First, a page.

LONDON, April 20 (Reuters) - The EIB banker dubbed the “mother” of the green bond has a new baby on the way — a “sustainability” bond the proceeds of which will be used in a range of well-meaning areas from clean water and sanitation to education and health.
Eila Kreivi is Head of Capital Markets at the European Investment Bank’s finance division and pioneered the bank’s move in 2007 to launch the world’s first ‘green’ bond whose proceeds are invested in products that tackle climate change.
It has sold roughly 20 billion euros ($24.64 billion) worth of them since then in 11 different currencies and Kreivi sees the new ‘Sustainability Awareness Bond’ as it will officially be called as a natural evolution.
“There starts to be a lot of focus on the wider agenda beyond pure climate now, so we wanted to come with a product which can accompany this development,” she told Reuters.
“We will start with the water sector first but we will enlarge the use of proceeds into other areas for example health and education.”
It is all part of the push by global governments, under the umbrella of the United Nations’ 17 Sustainable Development Goals, to end poverty, protect the planet and ensure prosperity by 2030.
The first of EIB’s new bonds is expected to be sold sometime around September. Raising the equivalent of around 500 million euros ($616.10 million) “would be perfect” Kreivi said though none of the details have been finalised.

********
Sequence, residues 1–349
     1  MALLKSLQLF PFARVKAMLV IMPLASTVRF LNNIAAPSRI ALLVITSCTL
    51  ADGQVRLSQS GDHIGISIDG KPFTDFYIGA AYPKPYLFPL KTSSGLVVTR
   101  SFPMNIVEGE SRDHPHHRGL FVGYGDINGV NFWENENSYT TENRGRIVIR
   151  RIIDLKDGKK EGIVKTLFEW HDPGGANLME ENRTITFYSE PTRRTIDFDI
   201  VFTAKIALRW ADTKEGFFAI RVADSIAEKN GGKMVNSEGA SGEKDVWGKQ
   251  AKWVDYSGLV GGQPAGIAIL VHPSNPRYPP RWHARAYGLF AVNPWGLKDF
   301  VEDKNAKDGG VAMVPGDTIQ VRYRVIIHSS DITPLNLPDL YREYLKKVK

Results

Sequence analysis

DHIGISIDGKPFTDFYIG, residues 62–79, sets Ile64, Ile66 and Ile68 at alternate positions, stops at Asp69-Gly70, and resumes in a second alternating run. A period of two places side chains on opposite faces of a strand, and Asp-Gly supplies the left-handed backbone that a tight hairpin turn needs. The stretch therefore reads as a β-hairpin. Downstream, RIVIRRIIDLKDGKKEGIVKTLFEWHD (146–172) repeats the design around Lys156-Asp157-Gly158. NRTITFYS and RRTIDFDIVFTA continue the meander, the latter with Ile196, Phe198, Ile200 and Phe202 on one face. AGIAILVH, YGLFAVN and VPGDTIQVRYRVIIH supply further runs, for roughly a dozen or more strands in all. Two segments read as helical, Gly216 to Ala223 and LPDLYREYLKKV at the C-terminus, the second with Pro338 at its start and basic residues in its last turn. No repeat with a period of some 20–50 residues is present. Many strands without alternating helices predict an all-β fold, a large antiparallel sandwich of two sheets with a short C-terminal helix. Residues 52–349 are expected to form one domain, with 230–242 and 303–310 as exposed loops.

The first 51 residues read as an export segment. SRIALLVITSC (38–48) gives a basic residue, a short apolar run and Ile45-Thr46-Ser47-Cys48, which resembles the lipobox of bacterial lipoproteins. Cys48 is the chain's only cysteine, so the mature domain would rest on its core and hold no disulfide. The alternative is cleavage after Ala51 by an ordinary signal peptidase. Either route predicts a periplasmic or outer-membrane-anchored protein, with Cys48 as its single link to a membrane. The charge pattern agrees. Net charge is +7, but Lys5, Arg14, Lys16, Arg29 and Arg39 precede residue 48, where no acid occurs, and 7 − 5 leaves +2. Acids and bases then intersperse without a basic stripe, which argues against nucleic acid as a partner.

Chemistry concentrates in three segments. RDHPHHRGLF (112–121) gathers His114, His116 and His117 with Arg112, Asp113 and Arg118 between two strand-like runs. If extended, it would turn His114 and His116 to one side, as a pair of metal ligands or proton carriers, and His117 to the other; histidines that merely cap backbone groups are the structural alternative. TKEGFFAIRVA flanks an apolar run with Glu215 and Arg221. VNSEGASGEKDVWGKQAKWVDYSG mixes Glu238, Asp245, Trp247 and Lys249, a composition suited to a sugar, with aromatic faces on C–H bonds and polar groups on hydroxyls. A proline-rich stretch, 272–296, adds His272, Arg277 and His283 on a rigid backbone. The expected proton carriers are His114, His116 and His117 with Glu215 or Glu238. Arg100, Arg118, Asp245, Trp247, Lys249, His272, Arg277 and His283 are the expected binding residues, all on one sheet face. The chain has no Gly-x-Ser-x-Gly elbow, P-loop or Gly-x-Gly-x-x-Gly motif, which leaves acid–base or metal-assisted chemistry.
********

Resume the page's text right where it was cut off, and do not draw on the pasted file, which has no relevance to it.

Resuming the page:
“It will be a major currency but we have not decided which one yet,” she added.
The tenor or the lifespan of the bond is likely to be somewhere between 5 or 10 years, “it depends on the currency,” she added.
“In euros, 7 to 10 year demand is very healthy whereas in dollar it is exactly the opposite. The better demand is in the five year area.”
What will be most important is what the money the bonds raise will be used for.
The EIB’s experts are still working on what exactly what will qualify as being ‘sustainable’ and a framework of new metrics and improvement indicators that will differentiate the bonds from financing that already exists.
“It is not just a label,” Kreivi said. Given some examples she added: “If you take waste water treatment it can be the cubic meters of water purified or otherwise the number of people that get clean drinking water.”
In terms of where the money will be spent, it is clear the Luxembourg-based bank wants to focus on parts of the world where it will make the biggest difference.
The EIB operates mainly in the European Union but 10 percent of its money is spent in other parts of the world, from the Middle East and Africa to Latin America and Asia.
“We are not going for geographical screening but an impact level screening.”
Replicating the success of its green bonds creation will also be key. It issued 4.2 billion of them last year.
Kreivi is keen to see whether green bond enthusiasts also buy into the new ones and also sees the significance of her status as ‘the mother of the green bond’ in the new push.
“I’m a bit old for all that (birth) business, but maybe in the bond market I can still have babies.” ($1 = 0.8116 euros) (Editing by Matthew Mpoke Bigg)